by Joe Tasker
Methuen, 1982; St. Martin’s Press, New York, 1082, 270 pages
„There are a very few mountaineering books that become both a representative expression of a certain era and, at the same time, inspirational bibles to the young climbers of that period. Two immensely important books for me in this context were W. H. Murray's Mountaineering in Scotland and Hermann Buhl's Nanga Parbat Pilgrimage. Savage Arena falls into this category and I am quite sure it also will become a classic. Tasker not only captures the mood of extreme climbing in the Himalayas, he also portrays his fellow climbers, particularly his two main climbing partners, Dick Renshaw and Peter Boardman, with great clarity and sensitivity. The writing is spare but wonderfully expressive and the book has a pace that is so gripping that you just don't want it to end.”
Chris Bonington, “Alpine Journal” 1983, p. 230-231
„Joe Tasker's book is not in the least romantic. He too writes in one of the classic styles which has become a cult in recent times. Whilst reporting factually all that went on around him Tasker does not omit his own part in these events and is at constant pains to see not only his own but the other climbers' side of a story. It is much more about the actual climbing than Boardman's work [Sacred Summits] but without becoming obsessed with holds, moves, and equipment; concentrating on the proper study of mountaineering: the mountaineers. What makes the book so excellent is that these judgements are not made from a fixed position of "I" but that the narrator is himself an unfixed point. Joe admits to his own mixed feelings on many occasions and explains very clearly how on most big climbs decisions occur rather than are taken.”
“Mountain” 1982, November/December, No. 88, p. 48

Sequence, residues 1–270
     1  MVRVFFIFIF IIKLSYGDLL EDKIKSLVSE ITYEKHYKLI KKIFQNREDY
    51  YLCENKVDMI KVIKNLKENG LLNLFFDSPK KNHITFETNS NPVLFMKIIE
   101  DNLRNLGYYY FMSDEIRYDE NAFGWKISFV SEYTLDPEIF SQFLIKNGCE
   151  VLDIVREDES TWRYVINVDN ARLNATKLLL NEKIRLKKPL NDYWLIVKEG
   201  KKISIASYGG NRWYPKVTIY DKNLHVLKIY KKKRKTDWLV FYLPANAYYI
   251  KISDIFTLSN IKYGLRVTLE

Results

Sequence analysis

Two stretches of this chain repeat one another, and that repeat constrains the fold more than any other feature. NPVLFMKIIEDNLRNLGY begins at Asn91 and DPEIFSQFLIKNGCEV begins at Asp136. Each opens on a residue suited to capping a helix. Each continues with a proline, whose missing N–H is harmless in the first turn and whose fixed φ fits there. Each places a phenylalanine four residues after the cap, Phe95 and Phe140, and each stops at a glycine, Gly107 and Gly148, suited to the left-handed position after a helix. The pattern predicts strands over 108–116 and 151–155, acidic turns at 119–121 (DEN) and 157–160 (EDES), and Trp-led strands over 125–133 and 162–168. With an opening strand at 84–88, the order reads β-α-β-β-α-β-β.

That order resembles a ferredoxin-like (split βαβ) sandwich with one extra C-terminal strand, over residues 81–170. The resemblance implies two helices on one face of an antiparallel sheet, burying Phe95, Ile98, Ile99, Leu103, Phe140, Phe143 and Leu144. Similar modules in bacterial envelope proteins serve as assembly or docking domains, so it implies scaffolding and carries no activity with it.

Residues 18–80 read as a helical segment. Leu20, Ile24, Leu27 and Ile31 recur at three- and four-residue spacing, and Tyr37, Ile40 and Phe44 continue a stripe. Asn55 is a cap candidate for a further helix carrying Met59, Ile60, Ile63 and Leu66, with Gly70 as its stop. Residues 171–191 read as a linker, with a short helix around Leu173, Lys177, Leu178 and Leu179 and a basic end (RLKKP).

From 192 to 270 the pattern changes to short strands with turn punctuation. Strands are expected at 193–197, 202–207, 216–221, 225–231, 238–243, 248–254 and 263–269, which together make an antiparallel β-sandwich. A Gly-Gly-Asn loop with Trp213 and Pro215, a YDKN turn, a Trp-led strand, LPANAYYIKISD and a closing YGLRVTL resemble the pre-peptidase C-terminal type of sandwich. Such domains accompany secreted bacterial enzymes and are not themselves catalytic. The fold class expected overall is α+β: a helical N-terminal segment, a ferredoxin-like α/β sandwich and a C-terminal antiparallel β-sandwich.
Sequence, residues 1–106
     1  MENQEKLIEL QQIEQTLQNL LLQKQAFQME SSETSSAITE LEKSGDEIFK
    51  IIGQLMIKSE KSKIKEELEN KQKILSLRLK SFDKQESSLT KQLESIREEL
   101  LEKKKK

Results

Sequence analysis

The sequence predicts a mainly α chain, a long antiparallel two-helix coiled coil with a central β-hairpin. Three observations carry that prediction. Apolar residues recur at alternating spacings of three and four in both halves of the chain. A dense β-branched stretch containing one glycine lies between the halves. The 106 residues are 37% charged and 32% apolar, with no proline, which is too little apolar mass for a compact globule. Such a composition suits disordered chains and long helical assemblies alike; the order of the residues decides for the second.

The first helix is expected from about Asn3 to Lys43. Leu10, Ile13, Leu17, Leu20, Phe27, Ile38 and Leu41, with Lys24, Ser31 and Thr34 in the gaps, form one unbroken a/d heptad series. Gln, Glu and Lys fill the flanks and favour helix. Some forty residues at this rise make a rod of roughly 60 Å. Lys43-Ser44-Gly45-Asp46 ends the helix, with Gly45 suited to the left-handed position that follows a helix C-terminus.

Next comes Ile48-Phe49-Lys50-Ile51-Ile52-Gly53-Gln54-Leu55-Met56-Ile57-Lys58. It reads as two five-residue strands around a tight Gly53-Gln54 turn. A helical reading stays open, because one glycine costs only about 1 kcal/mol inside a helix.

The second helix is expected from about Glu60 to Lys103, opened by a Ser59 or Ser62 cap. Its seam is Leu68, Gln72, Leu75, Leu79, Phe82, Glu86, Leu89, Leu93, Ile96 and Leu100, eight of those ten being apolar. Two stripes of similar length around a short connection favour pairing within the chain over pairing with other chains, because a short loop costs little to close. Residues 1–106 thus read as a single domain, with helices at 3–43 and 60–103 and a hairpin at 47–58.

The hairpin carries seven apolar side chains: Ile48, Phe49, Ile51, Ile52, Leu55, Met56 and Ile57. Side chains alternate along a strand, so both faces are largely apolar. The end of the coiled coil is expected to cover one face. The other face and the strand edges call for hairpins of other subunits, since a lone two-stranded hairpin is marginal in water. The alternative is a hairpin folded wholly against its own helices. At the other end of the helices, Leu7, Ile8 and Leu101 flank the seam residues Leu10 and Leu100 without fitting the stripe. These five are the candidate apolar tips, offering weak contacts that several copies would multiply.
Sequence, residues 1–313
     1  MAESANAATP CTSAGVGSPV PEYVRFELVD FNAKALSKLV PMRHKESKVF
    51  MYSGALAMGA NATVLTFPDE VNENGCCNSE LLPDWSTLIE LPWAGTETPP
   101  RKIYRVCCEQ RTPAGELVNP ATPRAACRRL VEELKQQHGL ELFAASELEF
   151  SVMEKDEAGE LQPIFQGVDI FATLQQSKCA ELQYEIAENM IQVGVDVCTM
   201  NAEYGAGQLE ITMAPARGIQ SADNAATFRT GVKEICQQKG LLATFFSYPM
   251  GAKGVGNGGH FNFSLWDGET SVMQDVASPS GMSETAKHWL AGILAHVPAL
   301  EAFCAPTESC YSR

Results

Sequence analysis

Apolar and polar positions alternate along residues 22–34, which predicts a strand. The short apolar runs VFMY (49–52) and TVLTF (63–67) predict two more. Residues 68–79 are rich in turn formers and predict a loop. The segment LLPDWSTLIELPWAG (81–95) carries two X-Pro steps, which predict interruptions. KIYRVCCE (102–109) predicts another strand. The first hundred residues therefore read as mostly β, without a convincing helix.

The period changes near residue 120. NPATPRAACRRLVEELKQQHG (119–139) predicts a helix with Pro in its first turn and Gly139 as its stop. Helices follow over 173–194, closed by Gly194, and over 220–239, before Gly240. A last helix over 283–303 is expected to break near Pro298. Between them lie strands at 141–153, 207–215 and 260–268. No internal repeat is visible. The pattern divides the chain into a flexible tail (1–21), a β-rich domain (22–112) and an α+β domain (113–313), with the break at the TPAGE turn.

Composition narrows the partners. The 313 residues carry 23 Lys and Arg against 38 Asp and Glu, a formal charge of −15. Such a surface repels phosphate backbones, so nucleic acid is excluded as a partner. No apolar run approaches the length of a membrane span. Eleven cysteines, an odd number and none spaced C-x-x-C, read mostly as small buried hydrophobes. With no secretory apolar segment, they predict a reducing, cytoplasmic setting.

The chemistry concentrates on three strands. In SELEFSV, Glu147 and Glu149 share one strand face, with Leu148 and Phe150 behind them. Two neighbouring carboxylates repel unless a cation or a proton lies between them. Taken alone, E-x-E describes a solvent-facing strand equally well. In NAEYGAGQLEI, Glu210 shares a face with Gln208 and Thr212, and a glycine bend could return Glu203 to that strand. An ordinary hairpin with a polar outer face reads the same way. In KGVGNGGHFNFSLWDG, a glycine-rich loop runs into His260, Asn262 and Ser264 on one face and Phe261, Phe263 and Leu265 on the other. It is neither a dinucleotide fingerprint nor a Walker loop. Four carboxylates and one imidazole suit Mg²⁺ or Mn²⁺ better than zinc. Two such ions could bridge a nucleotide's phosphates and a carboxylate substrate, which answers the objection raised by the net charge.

“Introduced to readers in Boardman's Shining Mountain through a series of brief excerpts, Tasker comes across as a penurious 'hard-man' who is as ruthlessly single-minded as he is generous. In his own book, Tasker becomes flesh and blood, a character full of the wide-eyes innocence of a young man swept up in the high velocity atmosphere of big expeditions.
In contrast to Boardman's emotional style, Tasker is gritty and unembroidered. He reveals the treachery of his ambitions and his unabashed love for his friends and mountains. With stark simplicity, Tasker's stories unmask the illusions of extreme climbing to show the sport for what it is: survival.”
Mike Shandrick, „Summit” 1983, May-June, p. 25
„In his own book, Savage Arena, Tasker becomes the flesh and blood character readers might expect from the man with so many superlative climbs to his credit. His intense, moody quality that distanced Boardman, is, at the core, the wide-eyed innocence of a young man who was as much in doubt about his own abilities as others were about theirs.
Savage Arena is more than a posthumous companion reader to Boardman's two books (The Shining Mountain and Sacred Summits); it is the final work of a trilogy in which each man mirrored the growth of the other and came of age in big-time British mountaineering.”
Mike Shandrick, “Climbing” 1983, June, No. 98, p. 46